We all know the first question you get when you meet someone new. “So… what do you do?”
It’s because in today’s day and age, for so many of us our careers define us. When you aren’t defined by your career, your response makes you feel as if you lack value. “I stay at home with my kids” tends to be met with an awkward “Oh…” and glance around the room for someone more interesting to talk to.
We need to get to a place where we don’t feel judged for having an identity outside of our careers. Where we have the freedom and opportunities to allocate our time across all the things that light us up: be they caregiving, multiple career paths, hobbies, or anything else in between.
In my case, I needed to shift my career from a 40 hour chunk of my week into a 10 hour one. That massive shift in the allocation of my time opened up space for me to attend to two equally important parts of my identity: that of a mother and that of a life partner. I saved plenty of energy in case of emergency (there are no shortage of emergencies with multiple children and a startup). I found time to do that yoga teacher training I’d been thinking about for a decade. It deepened my spiritual practice and changed me profoundly. I learned how to dj after twenty years of telling my friends I’d get around to it eventually.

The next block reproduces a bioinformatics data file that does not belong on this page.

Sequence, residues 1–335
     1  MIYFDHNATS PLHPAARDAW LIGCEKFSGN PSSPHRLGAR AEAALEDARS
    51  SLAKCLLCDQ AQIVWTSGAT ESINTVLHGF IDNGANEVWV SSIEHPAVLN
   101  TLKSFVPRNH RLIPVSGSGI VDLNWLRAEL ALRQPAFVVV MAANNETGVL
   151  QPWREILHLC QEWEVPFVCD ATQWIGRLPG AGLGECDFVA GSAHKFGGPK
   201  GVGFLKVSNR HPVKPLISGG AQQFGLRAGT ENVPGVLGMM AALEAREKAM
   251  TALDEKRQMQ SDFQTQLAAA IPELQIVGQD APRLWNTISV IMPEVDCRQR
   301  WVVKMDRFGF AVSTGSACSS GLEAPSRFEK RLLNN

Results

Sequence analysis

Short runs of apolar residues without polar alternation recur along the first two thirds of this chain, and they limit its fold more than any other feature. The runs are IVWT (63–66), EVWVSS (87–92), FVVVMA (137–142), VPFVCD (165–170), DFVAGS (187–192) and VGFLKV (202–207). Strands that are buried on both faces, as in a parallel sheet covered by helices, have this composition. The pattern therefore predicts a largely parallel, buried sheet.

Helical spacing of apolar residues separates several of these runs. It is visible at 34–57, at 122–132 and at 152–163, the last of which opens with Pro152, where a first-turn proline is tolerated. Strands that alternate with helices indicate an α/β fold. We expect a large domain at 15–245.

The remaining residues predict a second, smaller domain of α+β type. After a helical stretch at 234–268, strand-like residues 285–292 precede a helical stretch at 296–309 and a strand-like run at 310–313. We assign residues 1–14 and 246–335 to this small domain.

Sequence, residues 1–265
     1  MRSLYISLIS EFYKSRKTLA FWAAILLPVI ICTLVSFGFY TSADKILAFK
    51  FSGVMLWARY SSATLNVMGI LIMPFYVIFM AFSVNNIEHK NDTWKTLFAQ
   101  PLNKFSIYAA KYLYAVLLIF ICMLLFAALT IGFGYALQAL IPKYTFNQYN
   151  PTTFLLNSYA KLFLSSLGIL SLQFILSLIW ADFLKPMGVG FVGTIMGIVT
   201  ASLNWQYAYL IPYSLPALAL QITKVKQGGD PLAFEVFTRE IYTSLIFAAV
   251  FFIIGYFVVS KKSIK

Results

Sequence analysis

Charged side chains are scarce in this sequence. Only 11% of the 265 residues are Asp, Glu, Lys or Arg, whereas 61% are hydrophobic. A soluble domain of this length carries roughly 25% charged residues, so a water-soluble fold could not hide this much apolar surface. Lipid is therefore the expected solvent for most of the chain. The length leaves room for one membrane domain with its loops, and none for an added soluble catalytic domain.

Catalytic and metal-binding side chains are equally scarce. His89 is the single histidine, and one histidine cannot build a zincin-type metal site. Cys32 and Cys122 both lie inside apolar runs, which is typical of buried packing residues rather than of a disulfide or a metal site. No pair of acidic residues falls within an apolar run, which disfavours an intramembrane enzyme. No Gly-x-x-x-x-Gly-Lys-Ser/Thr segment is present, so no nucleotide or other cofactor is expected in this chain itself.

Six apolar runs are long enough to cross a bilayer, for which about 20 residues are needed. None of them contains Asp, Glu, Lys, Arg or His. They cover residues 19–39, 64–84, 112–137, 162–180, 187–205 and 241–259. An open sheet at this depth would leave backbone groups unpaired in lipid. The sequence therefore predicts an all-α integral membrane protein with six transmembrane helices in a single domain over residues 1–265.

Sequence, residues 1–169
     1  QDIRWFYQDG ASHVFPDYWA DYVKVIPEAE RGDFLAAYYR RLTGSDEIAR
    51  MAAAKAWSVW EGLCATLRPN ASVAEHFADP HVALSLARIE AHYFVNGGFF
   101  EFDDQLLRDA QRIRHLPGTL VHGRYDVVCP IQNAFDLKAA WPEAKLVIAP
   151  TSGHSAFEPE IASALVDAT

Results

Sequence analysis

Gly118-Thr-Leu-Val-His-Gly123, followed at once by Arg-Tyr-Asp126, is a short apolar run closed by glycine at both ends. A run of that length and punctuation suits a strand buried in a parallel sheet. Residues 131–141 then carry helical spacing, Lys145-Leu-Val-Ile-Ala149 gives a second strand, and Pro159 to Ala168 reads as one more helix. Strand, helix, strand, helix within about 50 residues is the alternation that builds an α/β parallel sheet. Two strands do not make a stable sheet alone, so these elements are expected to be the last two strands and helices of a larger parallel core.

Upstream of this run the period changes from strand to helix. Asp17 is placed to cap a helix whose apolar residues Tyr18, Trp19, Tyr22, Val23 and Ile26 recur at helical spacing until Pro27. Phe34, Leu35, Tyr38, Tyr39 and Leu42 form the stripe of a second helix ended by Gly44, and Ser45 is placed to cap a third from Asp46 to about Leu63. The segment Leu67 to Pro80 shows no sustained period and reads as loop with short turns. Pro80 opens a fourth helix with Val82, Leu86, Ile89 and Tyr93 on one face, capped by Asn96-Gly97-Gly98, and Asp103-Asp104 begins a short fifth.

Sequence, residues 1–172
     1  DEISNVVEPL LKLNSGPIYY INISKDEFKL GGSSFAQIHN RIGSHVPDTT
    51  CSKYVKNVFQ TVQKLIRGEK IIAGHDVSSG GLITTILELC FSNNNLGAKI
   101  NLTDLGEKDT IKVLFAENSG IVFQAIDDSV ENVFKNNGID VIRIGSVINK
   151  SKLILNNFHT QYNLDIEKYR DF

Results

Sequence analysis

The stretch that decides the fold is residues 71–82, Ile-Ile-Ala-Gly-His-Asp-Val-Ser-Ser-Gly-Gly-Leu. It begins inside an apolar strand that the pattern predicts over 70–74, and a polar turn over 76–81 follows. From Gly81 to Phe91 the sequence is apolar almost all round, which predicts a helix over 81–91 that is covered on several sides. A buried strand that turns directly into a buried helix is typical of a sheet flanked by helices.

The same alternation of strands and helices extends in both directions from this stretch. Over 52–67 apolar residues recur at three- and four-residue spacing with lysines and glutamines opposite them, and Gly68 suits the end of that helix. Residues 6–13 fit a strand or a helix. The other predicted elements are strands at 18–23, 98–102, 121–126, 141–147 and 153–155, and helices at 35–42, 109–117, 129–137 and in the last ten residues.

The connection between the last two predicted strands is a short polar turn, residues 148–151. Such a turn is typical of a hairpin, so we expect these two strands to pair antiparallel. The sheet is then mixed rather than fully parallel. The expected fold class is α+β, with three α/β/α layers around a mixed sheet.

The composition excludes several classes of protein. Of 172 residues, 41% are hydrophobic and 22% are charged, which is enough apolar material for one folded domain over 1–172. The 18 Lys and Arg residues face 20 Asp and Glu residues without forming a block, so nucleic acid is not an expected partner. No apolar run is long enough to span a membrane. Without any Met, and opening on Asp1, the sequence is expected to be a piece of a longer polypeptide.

How much more fulfilled would we be if we lived in a society where we had the freedom to explore the true self inside each of us? Our interests and hobbies are hints at passions that could have very well led to careers. A friend of mine took a break from a successful career as a technology entrepreneur to pursue professional sailing. He’s now taken on a job as the CEO of a world-class sailing team. How amazing would it be if we could all have such circuitous resumes? And how incredible for the world if we could draw on a rich diversity of experiences in our work?
As I’ve begun this journey of writing about my story and extending to a greater cause, another angle has emerged. I’ve had conversations with female friends who have decided against having children who spoke of the judgement from the world for not procreating. I have friends who are single and thriving who feel pressure to settle down and find someone, even though they’re abundantly happy just where they are.
So this, I think, is a problem we should seek to solve. How might we push back against society’s expectations of who we should be so we have the freedom to explore who we are? And if our careers as we know them today are the primary impediment given their disproportionate share of our time, how might we redefine work to open up space for such exploration?
Much fodder for posts to come.